U.S. P&C and life insurers have actively invested in excess bonds issued by peers and related companies. While there was no other solution in 2018, the total amount of new investments decreased compared to the previous year, which corresponded to the issuance model. With new issues outpacing maturities and withdrawals, U.S. life ratings had a surplus of US$33.79 billion in bonds on their books as of December 31, 2018, up from US$32.27 billion last year. The rate of increase slowed from 2017, when the volume of emissions reached at least a peak of more than $7.38 billion over ten years. While the ratio of excess bonds to policyholders` capital to the surpluses of non-life and non-life insurers has fallen to at least an 18-year low (1.60%), it is rising in the life insurance sector. The rate of 8.45% at the end of 2018 led to an increase of 28 basis points compared to the previous year, at a level well above the pre-financial crisis average. Life insurers accelerate excess bond issuance The deal called for the creation of the Harborwalk Funding Trust, a company that in some scenarios would have to buy some excess bonds of the Massachusetts Mutual Life Insurance Co. S&P Global Ratings said the pre-capitalized fiat securities that will be issued by the trust should create a conditional source of capital, given that the obligation to buy excess bonds would apply at any time, regardless of MassMutual`s financial situation or market developments. S&P Global Market Intelligence calculates a weighted average rate of 5.69% on fixed income bonds issued in 2018, 115 basis points higher than in 2017.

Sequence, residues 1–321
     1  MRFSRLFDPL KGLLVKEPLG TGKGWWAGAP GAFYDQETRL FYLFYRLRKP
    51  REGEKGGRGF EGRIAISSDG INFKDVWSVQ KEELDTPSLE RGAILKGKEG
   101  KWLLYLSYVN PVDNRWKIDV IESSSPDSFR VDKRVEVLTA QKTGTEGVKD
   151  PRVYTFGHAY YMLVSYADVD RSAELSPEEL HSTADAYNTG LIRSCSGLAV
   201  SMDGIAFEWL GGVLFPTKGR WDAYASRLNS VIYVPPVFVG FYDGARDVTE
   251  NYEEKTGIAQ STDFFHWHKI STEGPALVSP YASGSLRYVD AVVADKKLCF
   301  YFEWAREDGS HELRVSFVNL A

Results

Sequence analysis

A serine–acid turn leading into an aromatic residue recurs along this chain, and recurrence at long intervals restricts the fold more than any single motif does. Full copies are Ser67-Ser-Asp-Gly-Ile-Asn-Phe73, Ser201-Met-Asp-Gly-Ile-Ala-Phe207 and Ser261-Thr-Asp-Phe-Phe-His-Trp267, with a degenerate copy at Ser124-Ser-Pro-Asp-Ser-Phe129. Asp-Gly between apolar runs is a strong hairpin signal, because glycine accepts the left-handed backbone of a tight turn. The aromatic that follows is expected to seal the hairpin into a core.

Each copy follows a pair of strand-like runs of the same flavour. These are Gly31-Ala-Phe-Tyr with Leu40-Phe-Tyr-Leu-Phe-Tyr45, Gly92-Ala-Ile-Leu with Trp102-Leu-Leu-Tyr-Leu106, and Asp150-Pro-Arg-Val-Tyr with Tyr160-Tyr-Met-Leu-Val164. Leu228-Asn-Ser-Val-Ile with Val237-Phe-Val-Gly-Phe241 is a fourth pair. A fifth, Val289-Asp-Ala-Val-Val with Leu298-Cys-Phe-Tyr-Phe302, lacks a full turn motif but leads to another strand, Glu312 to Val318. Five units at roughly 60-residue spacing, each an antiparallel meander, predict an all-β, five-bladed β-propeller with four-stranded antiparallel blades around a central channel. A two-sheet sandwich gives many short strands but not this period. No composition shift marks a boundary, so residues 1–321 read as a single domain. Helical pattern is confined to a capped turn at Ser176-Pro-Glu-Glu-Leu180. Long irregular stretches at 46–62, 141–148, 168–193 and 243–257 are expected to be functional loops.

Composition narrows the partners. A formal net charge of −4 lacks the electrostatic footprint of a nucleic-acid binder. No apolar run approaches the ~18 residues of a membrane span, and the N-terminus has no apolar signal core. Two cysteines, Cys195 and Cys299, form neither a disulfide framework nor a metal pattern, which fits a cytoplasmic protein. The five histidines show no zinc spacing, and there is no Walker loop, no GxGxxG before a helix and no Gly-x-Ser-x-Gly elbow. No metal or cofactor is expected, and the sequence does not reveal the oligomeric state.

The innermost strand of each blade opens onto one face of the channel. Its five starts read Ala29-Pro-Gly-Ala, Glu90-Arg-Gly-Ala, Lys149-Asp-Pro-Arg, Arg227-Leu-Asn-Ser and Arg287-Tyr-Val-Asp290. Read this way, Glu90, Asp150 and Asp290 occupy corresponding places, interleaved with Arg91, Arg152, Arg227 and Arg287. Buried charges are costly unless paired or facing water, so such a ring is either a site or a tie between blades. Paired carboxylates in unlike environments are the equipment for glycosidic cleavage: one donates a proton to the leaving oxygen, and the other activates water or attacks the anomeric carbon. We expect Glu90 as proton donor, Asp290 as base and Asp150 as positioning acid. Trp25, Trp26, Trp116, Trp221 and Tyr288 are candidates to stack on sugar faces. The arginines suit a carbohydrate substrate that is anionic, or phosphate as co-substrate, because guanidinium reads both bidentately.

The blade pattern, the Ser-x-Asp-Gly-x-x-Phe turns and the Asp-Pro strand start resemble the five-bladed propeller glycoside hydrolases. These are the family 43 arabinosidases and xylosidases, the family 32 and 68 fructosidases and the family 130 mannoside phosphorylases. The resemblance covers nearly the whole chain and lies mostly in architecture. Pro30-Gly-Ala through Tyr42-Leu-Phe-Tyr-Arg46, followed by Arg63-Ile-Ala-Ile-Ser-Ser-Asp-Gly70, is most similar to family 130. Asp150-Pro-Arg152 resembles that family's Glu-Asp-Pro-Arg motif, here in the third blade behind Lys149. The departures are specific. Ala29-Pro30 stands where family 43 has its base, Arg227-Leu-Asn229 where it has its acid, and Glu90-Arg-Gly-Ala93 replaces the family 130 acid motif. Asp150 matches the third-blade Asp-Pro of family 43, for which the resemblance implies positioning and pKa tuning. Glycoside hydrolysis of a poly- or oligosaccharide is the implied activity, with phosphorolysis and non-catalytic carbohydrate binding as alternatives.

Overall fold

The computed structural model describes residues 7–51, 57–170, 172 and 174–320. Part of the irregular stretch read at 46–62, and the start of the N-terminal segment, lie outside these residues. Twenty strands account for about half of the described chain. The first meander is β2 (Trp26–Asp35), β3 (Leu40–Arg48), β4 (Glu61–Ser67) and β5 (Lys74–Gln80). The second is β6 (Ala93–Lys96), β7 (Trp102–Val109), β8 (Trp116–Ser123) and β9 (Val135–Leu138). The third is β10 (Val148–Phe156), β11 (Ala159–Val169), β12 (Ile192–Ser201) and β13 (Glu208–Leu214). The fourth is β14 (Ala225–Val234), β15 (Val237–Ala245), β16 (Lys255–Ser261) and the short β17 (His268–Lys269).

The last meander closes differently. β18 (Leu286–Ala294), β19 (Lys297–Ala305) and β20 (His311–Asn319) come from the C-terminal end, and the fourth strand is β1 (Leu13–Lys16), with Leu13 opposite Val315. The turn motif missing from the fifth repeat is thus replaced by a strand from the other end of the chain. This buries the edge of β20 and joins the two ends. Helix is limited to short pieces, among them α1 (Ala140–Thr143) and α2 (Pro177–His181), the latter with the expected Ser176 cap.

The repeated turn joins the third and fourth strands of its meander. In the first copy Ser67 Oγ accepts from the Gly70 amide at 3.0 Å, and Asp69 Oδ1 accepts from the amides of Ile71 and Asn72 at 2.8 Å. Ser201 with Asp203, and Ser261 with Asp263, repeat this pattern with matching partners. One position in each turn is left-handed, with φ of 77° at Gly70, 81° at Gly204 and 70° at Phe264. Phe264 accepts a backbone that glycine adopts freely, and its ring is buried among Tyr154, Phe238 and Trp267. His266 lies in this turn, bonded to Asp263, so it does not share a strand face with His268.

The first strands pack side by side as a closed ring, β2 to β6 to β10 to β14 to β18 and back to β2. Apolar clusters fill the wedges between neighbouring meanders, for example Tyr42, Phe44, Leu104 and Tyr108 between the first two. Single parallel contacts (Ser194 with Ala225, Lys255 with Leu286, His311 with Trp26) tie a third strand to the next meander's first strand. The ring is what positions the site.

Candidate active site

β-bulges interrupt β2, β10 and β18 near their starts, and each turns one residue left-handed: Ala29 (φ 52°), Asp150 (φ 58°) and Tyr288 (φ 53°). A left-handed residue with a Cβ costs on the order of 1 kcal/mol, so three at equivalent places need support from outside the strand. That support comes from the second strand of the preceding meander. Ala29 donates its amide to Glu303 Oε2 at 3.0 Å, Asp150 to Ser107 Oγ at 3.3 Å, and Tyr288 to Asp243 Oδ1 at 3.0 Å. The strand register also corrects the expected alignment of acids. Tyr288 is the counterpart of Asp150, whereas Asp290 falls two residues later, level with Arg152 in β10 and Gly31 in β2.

In total, as of December 31, 2018, U.S. life insurers had invested US$12.09 billion in non-member excess bonds. This represents an increase of $11.36 billion on the same day in 2017, and is the highest level of investment in this asset class in the 13 years for which data is available. And while guV insurers` issuance volume declined in 2018, their investments in unpeded excess bonds also peaked at least 13 years, from $777.8 million year-on-year to $937.4 million. Given that the Federal Reserve has in other words expressed its intention to remain on the sidelines for now, given that these are possible increases in the federal funds rate, conditions for issuing other excess bonds could remain favorable. . . .